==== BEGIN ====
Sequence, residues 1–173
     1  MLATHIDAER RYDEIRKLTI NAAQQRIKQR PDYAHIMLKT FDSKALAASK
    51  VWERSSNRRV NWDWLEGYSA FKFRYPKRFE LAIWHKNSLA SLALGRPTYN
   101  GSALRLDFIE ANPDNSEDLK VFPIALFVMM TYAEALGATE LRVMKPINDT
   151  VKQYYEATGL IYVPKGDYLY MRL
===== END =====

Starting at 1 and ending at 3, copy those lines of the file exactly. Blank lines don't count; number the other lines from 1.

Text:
Sequence, residues 1–173
     1  MLATHIDAER RYDEIRKLTI NAAQQRIKQR PDYAHIMLKT FDSKALAASK
    51  VWERSSNRRV NWDWLEGYSA FKFRYPKRFE LAIWHKNSLA SLALGRPTYN